Dancing for dollars, wise advice, and Fabio
Fabio, Guns 'n Roses and Mr. Guppy. Here's what's been happening around town that you may have missed.
Seattle Times staff columnist
"I thought you might be dancing with us!" Teri Hein said when I walked into Nectar Lounge the other night.
Uh, no. Five hours straight was a little beyond my capacity. But you kids go ahead with the "Dance Your Cash Off" dance marathon to benefit 826 Seattle, the writing and tutoring program in Seattle's Greenwood neighborhood for which Hein is the executive director.
The dance teams — with names like The Old English Majors and No Parking on the Dance Floor — were mostly made up of 826 volunteers like Nick Cain, a member of team Sashay Fierce.
If you pledged $10, Cain wore your name pinned to his shirt for 15 minutes, and performed a custom dance move in your honor.
First honoree? Cain's father, Ron Cain, a private investigator known for performing a dance called the "R.C.P.I." (get it?) at family functions.
"It's a lot of pointing down and knee-bending," the younger Cain said. KEXP DJ El Toro, who voices Mr. Geoduck for 826's publishing program (you have to see it) wasn't sure what he was going to start them off with, but settled on "Jump" by The Pointer Sisters.
The event's goal was to raise $28,000, but they had $26,753 before it even started and more than $31,000 Monday night, said Hein, who was dancing as a member of Dancing for Donnas.
"It's an homage to Donna Summer," she said.
Whatever it takes, kids
The 826 dance marathon was co-hosted by "Art Zone" host Nancy Guppy and her husband, Joe Guppy, who just celebrated their 25th wedding anniversary.
How did they stay married? I asked.
They broke up for a while.
Neither wanted to divorce, so they just took a timeout, and realized what they had.
"We really crack each other up," Joe said. "Now we like each other more and more each year. It's a miracle."
Said Nancy: "I realized that I didn't marry myself, and thank goodness. I would have killed myself in a homicidal rage."
Next up? Dr. Duff
Duff McKagan, who left Roosevelt High School in the 10th grade and found fame with the L.A.-based band Guns 'n Roses, gave the commencement address at his old school June 19.
"I spent about eight hours writing this thing, on and off, and it was horrible," McKagan told me. "I tore it up and called a neighborhood kid who was graduating and asked, 'What do you want me to say?' "
Tell us your story of drugs and alcohol, the kid said. The people who aren't using want to know they're on the right path, and the ones who are "in the middle of stuff," as McKagan put it, want to hear about how you are.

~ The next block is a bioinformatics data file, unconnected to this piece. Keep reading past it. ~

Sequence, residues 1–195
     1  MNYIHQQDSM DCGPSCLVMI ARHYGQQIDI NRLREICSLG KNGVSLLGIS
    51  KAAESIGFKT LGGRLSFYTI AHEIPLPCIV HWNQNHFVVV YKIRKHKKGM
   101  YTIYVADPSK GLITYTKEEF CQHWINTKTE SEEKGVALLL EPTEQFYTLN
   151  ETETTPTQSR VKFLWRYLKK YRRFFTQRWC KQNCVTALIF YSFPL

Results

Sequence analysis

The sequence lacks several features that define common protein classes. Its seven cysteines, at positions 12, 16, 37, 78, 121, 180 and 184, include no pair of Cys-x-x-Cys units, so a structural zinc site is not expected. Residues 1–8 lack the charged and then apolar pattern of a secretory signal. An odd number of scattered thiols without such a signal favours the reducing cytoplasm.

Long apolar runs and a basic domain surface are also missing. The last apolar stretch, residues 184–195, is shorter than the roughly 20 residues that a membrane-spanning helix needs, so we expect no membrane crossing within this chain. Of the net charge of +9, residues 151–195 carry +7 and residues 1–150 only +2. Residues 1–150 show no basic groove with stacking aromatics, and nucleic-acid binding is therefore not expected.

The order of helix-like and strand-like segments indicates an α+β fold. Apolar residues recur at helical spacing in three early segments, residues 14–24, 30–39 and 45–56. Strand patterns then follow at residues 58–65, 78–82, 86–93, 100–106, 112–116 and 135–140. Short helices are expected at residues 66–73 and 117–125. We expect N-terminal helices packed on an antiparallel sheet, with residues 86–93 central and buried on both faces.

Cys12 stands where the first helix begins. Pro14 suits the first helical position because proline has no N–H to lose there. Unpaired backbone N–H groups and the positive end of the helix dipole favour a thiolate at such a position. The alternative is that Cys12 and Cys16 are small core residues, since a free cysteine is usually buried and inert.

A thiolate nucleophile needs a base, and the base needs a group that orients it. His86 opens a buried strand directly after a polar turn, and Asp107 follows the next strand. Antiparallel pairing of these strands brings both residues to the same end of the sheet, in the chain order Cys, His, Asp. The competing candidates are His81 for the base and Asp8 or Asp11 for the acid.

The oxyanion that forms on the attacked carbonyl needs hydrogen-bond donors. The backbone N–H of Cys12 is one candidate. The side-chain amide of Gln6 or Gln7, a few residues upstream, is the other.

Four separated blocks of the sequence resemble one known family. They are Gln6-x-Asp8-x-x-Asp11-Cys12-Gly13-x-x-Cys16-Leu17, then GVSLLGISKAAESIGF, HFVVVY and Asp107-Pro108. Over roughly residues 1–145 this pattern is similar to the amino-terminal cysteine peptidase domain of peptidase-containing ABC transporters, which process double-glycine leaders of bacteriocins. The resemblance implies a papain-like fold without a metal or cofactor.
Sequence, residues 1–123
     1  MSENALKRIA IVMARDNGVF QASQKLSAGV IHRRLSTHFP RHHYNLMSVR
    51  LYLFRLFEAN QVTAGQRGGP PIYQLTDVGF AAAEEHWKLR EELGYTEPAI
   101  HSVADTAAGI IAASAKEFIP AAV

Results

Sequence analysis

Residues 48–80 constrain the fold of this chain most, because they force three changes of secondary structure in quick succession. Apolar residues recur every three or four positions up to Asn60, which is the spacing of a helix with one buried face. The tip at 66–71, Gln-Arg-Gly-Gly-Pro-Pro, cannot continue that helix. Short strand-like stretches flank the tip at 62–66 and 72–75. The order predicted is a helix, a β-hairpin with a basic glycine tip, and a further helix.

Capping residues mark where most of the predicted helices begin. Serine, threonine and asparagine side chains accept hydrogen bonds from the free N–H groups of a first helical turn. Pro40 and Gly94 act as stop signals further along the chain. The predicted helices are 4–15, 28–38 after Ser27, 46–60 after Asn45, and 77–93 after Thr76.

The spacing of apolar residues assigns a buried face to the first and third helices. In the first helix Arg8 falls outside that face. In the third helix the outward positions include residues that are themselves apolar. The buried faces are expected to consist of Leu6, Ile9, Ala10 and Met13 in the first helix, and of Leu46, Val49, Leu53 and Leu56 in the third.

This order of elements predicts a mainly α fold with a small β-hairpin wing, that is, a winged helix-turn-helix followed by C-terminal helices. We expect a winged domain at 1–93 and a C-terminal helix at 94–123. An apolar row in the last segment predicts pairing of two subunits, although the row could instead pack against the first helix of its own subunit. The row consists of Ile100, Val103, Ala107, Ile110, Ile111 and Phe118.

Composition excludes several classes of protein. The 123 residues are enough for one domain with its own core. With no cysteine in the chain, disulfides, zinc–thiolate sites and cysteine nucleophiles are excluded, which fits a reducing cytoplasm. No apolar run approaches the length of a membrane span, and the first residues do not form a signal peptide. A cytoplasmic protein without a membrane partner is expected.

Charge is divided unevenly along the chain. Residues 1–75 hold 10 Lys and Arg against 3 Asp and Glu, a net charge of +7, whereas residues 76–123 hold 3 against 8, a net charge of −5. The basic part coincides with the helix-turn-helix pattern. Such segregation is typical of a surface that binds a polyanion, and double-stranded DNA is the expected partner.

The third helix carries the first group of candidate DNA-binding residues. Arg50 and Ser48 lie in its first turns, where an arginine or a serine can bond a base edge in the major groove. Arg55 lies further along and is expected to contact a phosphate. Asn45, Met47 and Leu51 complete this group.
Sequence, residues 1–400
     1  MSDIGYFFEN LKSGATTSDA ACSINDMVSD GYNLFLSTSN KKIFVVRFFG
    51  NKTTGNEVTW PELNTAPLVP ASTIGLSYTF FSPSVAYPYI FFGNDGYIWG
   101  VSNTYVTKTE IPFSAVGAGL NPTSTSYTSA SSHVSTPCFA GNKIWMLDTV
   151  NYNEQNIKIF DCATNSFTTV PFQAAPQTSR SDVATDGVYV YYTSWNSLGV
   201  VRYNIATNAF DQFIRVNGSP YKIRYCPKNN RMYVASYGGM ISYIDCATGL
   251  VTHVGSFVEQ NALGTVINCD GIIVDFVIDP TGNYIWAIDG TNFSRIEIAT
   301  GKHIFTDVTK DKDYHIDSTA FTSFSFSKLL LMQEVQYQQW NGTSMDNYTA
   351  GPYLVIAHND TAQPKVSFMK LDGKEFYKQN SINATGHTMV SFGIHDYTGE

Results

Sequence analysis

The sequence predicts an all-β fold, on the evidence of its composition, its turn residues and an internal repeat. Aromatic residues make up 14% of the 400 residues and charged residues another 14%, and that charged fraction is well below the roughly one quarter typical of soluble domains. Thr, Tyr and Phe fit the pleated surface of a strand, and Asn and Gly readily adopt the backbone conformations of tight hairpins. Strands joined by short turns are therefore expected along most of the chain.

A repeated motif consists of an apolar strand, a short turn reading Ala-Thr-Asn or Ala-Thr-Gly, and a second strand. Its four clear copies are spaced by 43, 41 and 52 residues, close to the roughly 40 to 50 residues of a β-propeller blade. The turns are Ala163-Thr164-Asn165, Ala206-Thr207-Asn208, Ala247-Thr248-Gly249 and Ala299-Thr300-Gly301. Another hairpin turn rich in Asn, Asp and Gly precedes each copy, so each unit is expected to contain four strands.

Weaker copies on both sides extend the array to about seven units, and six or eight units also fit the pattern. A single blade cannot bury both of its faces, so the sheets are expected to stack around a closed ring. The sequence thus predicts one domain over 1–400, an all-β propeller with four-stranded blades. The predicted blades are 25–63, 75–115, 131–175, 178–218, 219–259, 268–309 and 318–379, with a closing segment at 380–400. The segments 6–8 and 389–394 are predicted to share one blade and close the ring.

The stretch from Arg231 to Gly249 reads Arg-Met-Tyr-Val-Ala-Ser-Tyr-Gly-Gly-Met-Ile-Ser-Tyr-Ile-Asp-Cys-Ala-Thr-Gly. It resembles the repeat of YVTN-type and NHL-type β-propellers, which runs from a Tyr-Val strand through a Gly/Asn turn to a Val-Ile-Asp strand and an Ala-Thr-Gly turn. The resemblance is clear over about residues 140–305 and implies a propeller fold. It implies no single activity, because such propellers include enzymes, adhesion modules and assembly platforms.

So McKagan talked about his slow slide into addiction and rise to sobriety, but wasn't "too graphic," he said.
He also told them to "find a hero. Even if it's corny, like Clint Eastwood or Oprah, or someone you find badass," McKagan said. "Put that hero on your shoulder, and when you're stuck, ask what they would do."
When he finished, Principal Brian Vance surprised him with an honorary degree.
"It was very sweet."
Just so you know,
Fabio. He's not just a pretty face.
The Harlequin hunk made the rounds of area Whole Foods stores last Friday, posing for photos with giggling women and pop-culture preservationists — but only those who survived the lecture.
Something about glutamine. Cystine. And whatever else is contained in Fabio's Healthy Planet Whey Protein, which he was selling for $35 a tub — autographed lid included.
"I'm telling you, you will lose six to eight pounds in one month," Fabio told me, apparently not caring that the line had stretched back to the seafood department.
It's no wonder, really; Fabio's still got it. Even babies couldn't stop staring at him and his hair.
What does he use on it? He tapped the tub of whey protein. Drink this once a day, and you, too, can look pretty good for 53.
"The majority of shampoo is full of chemicals... " Fabio began. I felt another lecture coming on so I ducked into the crowd.
Krystal Plonski, 24, of Seattle, remembered seeing Fabio on the cover of the romance novels her mother used to read.
"I kinda want him to sign my bra or something," she said.
No you don't, hon. Neither does your mother.
Names in Bold appears Tuesday. Reach Nicole at 206-464-2334 or firstname.lastname@example.org.
About Nicole Brodeur's Names in Bold
On Tuesdays, I tell you about my travels through some of the week's social and philanthropic events — not just the ones for the swells, but those for work-a-day folks who care about making this region move and improve.
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